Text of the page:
Roughly two years ago, a post on workforce question-and-answer site Workplace StackExchange generated a lively debate. The post, which has since been viewed nearly a half-million times, was by a user named Etherable, who designed an algorithm that transformed the substance of a 40-hour workweek into a two-hour project. The poster was using the remaining time to tend to personal issues and spend more time with their son. Etherable asked, “Is it unethical for me to not tell my employer I’ve automated my job?”
The question seems to be a straightforward yes/no question. But the responses were often qualified. Some thought that lack of disclosure was unethical but warranted given the worry that the poster would lose their job. Others thought that the answer hinged on whether the company was paying the poster for hours or results. And at least a few gave pats on the back: One of technology’s great promises was that it would free people from rote tasks and give them back time that could be devoted to more meaningful pursuits. This was just an illustration of that promise.
Future of work issues, now
While the employment contract or company policies should be the deciding factor in the situation described, the post also illustrates some of the more complex ethical issues emerging as technology advances, says John Hooker, professor of business ethics and social responsibility at Carnegie Mellon University and author of Taking Ethics Seriously: Why Ethics Is an Essential Tool for the Modern Workplace.
“Rather than a transfer of tasks from humans to automation, we’re going to see a fusion of intelligent agents, computers, [and] algorithms working together with humans,” he says. That fusion is going to shine a light on some ethical and other problem areas companies and workers already struggle to navigate.
Part of the question relates to metrics, says “computer psychologist” Tim Lynch, president of gaming computer company Psychsoftpc. If the individual is being paid by output rather than hours, then they are fulfilling their agreement.
However, other factors complicate matters. Based on the individual’s employment status and agreement, the company may own the algorithm because it owns the employee’s work product, Lynch says. Also, Etherable built in “bugs” to make the work imperfect, as it would be if a human did it. That indicates an effort to mislead the employer. Plus, if the employer is relying on algorithms of which it is unaware and did not vet, the employee may be leaving the company open to security breaches or other liability.
“If you don’t know that Susie over there in the corner wrote this program that’s smashing out 10 million emails a day and has got some bug in it that’s sending the wrong thing to the wrong people, then it’s going to be pretty hard to track that thing and stop it,” says Ryan Duguid, chief evangelist for process automation platform Nintex.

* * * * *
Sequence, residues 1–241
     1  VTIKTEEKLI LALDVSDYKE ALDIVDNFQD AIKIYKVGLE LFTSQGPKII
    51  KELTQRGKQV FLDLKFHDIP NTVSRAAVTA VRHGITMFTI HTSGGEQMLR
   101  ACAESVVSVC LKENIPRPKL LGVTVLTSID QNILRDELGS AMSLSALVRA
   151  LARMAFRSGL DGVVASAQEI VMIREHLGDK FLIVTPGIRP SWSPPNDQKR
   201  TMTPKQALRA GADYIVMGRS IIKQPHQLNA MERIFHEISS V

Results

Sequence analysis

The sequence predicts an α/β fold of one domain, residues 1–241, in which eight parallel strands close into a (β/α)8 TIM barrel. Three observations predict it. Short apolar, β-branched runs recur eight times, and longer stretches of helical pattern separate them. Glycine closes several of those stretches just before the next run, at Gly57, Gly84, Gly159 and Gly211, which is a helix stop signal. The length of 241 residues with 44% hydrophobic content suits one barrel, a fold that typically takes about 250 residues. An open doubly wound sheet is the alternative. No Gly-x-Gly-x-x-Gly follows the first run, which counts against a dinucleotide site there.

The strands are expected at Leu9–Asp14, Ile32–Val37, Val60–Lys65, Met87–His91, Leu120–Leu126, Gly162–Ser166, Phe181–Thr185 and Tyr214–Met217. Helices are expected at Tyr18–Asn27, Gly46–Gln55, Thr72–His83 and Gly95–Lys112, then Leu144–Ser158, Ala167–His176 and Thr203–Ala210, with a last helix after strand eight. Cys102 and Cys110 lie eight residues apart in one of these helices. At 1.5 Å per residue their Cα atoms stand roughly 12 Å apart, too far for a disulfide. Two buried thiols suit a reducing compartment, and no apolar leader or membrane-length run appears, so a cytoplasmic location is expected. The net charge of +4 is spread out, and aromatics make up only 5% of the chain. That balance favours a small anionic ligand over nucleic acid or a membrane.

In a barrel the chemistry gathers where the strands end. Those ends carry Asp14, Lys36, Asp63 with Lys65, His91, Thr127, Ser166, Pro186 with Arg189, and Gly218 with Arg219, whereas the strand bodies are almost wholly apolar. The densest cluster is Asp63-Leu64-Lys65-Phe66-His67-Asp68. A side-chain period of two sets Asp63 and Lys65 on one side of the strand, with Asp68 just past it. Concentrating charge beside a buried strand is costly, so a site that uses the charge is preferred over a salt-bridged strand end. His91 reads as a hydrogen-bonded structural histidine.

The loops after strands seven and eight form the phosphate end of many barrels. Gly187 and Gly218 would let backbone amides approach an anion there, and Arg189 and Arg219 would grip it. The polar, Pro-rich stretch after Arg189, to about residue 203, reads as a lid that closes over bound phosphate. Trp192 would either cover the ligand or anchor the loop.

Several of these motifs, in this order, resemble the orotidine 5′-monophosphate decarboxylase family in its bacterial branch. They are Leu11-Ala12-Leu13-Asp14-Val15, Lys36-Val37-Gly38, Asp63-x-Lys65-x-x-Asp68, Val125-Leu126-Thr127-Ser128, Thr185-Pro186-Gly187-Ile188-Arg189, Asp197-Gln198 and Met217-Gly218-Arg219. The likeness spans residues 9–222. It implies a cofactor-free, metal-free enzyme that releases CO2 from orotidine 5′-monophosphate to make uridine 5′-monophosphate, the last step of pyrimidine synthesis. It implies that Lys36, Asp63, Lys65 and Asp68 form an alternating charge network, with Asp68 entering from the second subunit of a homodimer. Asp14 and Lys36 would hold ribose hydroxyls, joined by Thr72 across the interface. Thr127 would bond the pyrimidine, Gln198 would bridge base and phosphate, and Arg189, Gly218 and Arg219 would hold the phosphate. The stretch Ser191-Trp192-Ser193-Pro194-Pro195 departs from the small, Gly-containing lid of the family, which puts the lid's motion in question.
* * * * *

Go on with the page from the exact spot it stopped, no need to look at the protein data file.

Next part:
Progress and its impact on trust
In the original post, Etherable’s primary concern about disclosure was that it may lead to the company simply replacing them with the program. It’s a valid concern, because that’s what many companies might do. However, this viewpoint shows a fundamental lack of trust between employer and employee–and that’s a problem, Duguid says.
The fear that people are disposable if their productivity can be bested by technology may lead to a confidence of trust as well as unpleasant and unintended consequences. High-pressure environments with a focus on results rather than people can lead to workplace cheating and unethical behavior, according to a 2017 report from the University of Georgia. And according to the Ethics & Compliance Initiative’s “2018 Ethics and Compliance in the Workplace” report, more employees than ever are experiencing pressure to cut corners and violate ethics.
Companies serious about fostering greater trust need to focus on transparency and investment in training for new skills, says Hooker. “There are ways to manage moving to automation,” he says. “They don’t necessarily displace employees. You can reassign people for the job, retrain them for the job,” he says.
But without seriously addressing the trust and culture issues fueled by technology and automation, companies will incur costs of which they may not even be aware. Duguid points to the opportunity cost Etherable’s employer is incurring because of lack of trust. What other problems could this talented employee be solving? How else could similar algorithms be applied? As automation changes jobs, people who can find creative technology solutions are going to be the ones who win, he says.
“I think two things are going on,” he says. “One is a lack of trust in the employer. And two is the employees themselves, not having the foresight to realize that they’ll likely be the ones that get recognized. Like you turn up to your employer and say, ‘Check out what I’ve done.’ Most places I know, you’d be getting a promotion off the back of that.” As long as they got rid of the bugs, of course.